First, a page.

Francis also relied on a third report, Follow-Up on Kaposi's Sarcoma and Pneumocystis Pneumonia, 30 MMWR 409 (Aug. 28, 1981), where the CDC discussed further cases of Kaposi's sarcoma and pneumocystis pneumonia in New York City and California. The article advised the medical community that forty percent of the cases were fatal, and that it was predominantly a homosexual illness and sexually transmitted. Francis opined that this should have alerted defendant that homosexuals should be advised to refrain from donating blood and that defendant should have screened for the symptoms associated with the immunosuppression in homosexual men.

Francis stated that it was clear that the immunodeficiency disease was a "gay phenomenon" that was sexually transmitted and forty percent fatal. If it was sexually transmitted, then it was transmitted by blood, and certainly defendant should have known that it could have been transmitted from an infected homosexual to plaintiff. He concluded that defendant failed to act reasonably and appropriately in not advising homosexuals to refrain from donating blood. In addition, he opined that defendant did not act reasonably and prudently because it did not incorporate questions designed to identify the symptoms of an infected homosexual into its donor screening as set forth in the July, 1981 MMWR article.

Dr. Theodore A.W. Koerner, Assistant Medical Director at DeGowin Memorial Blood Center, University of Iowa Hospitals and Clinics, and an Associate Professor at the University of Iowa College of Medicine, stated in a February 6, 1996, certification for plaintiff that literature and studies by the time of plaintiff's transfusion "medically established that homosexuals should have been advised to refrain from donating blood because of the extraordinarily high risk of transmitting viral infections." Koerner explained: "These viral infections that were associated with the homosexual lifestyle included syphilis, gonorrhea, hepatitis, and immune deficiency viral infections, [were] originally called GRID, which stood for Gay Related Immune Deficiency Syndrome," which acronym was later changed to AIDS for Acquired Immune Deficiency Syndrome.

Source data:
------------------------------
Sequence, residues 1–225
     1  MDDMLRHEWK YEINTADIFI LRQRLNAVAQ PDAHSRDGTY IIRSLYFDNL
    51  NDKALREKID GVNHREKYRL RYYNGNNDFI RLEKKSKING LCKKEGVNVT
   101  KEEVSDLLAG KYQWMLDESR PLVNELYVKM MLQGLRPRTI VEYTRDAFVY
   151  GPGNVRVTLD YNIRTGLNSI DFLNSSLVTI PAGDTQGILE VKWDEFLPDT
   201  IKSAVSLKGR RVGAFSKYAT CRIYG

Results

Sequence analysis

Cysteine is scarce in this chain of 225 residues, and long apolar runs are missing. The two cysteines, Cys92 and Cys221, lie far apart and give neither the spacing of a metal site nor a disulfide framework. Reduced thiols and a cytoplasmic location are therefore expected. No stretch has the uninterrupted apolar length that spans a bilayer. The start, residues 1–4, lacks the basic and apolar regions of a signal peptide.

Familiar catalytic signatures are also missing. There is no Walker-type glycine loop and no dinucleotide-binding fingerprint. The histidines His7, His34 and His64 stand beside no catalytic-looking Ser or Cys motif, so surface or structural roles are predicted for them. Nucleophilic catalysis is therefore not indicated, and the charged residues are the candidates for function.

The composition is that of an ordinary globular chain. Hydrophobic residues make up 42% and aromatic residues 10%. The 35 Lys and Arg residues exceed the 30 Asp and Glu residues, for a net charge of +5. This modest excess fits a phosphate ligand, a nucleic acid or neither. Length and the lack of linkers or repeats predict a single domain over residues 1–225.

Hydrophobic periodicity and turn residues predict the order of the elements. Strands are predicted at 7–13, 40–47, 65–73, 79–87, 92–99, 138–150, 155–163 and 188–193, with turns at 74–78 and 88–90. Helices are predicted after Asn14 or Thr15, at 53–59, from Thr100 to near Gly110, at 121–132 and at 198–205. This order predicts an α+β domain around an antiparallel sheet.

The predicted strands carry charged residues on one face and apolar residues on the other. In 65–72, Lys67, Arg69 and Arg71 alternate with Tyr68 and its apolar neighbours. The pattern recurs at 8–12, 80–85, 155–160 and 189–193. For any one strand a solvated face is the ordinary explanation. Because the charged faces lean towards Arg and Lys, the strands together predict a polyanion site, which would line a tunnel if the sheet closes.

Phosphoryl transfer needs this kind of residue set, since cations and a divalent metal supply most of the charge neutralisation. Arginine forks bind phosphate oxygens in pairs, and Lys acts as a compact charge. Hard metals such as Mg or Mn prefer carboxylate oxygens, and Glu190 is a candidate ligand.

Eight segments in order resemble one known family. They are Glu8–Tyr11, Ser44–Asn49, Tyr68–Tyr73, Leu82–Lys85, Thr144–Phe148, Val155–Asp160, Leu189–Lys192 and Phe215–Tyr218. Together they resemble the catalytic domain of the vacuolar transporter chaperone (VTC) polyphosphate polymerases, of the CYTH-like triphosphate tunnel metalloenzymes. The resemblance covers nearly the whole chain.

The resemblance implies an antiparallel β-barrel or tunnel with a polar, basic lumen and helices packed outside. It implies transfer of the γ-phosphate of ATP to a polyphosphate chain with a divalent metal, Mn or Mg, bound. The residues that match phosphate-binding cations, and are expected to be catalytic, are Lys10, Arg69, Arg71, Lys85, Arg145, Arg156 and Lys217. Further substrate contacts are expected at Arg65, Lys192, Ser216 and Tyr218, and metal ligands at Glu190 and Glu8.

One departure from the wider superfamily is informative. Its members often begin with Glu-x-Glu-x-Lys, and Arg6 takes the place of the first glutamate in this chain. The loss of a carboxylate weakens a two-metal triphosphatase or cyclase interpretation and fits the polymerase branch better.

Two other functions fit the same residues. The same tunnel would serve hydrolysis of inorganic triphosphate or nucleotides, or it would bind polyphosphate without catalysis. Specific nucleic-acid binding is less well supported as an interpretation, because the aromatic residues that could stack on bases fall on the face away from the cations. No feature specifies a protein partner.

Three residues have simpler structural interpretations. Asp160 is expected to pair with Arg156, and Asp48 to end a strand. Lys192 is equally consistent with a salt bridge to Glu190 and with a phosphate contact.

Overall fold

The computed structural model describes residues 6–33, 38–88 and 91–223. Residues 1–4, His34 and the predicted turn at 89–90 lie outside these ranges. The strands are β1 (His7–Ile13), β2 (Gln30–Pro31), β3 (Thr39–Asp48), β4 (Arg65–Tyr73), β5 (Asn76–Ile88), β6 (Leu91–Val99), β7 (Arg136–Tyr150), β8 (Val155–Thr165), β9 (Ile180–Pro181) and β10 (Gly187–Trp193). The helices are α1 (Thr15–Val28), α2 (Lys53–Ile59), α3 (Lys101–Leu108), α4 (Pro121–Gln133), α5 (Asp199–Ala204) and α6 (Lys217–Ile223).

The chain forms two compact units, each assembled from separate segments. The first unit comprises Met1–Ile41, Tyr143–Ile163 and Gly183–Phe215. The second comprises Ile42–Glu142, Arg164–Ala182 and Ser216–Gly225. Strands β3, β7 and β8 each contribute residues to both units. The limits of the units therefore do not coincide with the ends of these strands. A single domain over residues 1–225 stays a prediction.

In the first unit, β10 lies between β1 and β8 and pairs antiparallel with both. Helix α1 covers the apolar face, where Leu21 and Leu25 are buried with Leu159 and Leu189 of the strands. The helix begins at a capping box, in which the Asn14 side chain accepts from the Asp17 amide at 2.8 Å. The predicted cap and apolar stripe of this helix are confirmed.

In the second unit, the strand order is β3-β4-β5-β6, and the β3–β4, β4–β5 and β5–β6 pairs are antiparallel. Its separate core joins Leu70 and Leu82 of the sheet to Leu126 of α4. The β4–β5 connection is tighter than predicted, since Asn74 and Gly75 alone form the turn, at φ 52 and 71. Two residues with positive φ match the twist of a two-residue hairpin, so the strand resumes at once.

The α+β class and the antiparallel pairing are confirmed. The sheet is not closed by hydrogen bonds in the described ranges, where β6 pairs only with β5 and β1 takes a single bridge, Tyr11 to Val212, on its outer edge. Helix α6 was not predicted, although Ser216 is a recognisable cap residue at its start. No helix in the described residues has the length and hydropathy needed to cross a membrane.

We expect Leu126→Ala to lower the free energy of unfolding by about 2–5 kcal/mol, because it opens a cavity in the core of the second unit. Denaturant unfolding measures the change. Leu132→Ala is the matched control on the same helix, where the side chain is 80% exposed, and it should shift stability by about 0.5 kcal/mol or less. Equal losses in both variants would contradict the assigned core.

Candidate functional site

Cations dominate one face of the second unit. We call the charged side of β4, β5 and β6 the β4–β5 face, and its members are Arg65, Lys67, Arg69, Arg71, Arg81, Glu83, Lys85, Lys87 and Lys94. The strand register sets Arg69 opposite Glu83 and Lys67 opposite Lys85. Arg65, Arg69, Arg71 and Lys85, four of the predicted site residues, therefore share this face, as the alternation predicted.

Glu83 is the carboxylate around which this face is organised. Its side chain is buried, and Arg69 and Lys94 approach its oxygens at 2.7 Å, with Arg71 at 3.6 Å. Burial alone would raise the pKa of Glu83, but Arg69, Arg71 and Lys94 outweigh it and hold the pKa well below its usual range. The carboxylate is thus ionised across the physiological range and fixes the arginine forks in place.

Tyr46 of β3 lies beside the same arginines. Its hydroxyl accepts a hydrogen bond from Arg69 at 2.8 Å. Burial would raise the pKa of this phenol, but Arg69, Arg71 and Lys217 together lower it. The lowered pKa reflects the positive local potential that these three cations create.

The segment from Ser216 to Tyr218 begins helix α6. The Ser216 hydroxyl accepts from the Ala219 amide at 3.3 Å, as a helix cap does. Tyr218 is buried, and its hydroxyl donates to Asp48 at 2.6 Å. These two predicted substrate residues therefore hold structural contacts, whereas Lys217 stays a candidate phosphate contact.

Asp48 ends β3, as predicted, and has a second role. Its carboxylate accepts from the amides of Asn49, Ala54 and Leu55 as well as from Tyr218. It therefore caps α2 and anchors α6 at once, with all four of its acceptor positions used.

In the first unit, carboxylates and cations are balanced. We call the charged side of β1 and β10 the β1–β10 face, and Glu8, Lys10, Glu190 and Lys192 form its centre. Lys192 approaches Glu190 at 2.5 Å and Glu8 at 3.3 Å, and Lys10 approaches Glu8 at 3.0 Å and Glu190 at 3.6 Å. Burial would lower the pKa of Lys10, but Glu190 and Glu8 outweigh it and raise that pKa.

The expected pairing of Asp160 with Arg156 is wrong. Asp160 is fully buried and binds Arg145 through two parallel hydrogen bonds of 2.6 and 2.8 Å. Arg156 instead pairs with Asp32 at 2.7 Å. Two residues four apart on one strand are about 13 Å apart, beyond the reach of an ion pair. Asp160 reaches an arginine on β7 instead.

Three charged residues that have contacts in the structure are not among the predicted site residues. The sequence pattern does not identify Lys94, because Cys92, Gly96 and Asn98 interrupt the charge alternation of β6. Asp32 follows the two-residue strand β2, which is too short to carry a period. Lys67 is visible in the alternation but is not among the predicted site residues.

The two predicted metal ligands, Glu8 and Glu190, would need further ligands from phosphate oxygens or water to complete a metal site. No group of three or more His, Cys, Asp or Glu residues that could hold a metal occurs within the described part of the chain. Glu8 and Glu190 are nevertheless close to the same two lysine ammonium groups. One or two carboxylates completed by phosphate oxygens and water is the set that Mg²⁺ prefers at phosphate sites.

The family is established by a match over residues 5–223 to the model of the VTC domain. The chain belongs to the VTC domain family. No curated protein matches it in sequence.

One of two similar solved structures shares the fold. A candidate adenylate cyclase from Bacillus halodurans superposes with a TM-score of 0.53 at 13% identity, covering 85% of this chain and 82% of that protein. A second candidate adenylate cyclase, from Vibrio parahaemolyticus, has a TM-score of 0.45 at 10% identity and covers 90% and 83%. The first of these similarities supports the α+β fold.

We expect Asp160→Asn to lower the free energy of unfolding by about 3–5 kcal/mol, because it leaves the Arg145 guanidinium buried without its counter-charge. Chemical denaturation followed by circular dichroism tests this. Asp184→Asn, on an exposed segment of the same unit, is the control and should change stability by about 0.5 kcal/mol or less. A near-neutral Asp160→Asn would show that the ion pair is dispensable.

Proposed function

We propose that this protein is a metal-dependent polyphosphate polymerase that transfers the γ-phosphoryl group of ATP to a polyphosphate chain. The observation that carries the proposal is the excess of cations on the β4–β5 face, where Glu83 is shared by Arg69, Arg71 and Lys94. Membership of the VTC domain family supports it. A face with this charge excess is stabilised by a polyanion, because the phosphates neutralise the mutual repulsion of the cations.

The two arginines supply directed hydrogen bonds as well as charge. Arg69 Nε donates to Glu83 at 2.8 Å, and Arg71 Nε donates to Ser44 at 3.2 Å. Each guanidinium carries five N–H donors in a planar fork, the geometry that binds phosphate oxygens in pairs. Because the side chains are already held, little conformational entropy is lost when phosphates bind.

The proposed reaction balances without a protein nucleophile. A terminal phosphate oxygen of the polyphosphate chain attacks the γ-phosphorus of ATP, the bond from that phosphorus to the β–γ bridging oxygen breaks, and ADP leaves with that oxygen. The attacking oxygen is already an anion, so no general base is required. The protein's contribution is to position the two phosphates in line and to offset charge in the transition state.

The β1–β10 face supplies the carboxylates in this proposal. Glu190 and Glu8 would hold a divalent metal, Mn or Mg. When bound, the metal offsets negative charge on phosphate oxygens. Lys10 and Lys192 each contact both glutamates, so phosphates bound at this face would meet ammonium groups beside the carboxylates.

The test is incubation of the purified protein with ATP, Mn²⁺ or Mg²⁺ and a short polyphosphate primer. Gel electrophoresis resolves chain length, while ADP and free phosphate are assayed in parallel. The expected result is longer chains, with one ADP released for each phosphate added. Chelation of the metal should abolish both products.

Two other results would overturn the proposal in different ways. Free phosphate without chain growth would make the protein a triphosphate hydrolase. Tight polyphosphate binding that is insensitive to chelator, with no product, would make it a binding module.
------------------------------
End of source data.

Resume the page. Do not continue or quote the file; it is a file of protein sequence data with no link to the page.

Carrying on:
Koerner asserted that defendant should have known that its donor policy of including homosexuals exposed the recipients of these blood products to the danger of transmission of viral infections including GRID. Relying on the June 5, 1981, July 4, 1981 and August 28, 1981, reports in MMWR, Koerner concluded that homosexuals were shown to have an incidence of an immune deficiency syndrome acquired through sexual contact, and therefore also transmitted through blood, so defendant should have excluded homosexuals from its blood donation program or screened them for opportunistic infections. Koerner added that defendant had also been negligent for failing to provide a designated donor program for plaintiff.

Dr. Paul V. Holland, a physician licensed in New York, California, and Maryland, and Medical Director and Chief Executive Officer of the Sacramento Medical Foundation Blood Center, stated in a January 25, 1996, certification for defendant that, as of January and February, 1982, "the disease entity now known as AIDS was little understood and its potential for impact upon the safety of the blood supply was unknown." Holland opined that the standard of care for blood banking at that time could not, and did not, include any precautions addressed to AIDS as a disease or its potential for transmission by blood transfusion. Even as of the middle of 1982, there was still no evidence to establish that AIDS was caused by a transmissible agent and researchers had at least three theories to explain the then-new disease.

Holland stated that it was not until December 10, 1982, that the CDC published information in MMWR about the first case of possible transfusion-associated AIDS. Possible Transfusion - Associated Acquired Immune-Deficiency Syndrome (AIDS), 31 MMWR 652-54 (1982). According to Holland, on March 4, 1983, recommendations were issued by the Public Health Service in an Interagency Recommendation of the Food and Drug Administration (F.D.A.), the CDC, and the National Institutes of Health. The first F.D.A. recommendations regarding AIDS and blood banking were issued on March 24, 1983. Holland concluded: "In my opinion, within a reasonable degree of medical and blood banking certainty, there could not have been any departures from accepted standards of care or from the exercise of reasonable care which in any way contributed to plaintiff contracting HIV or eventually developing AIDS."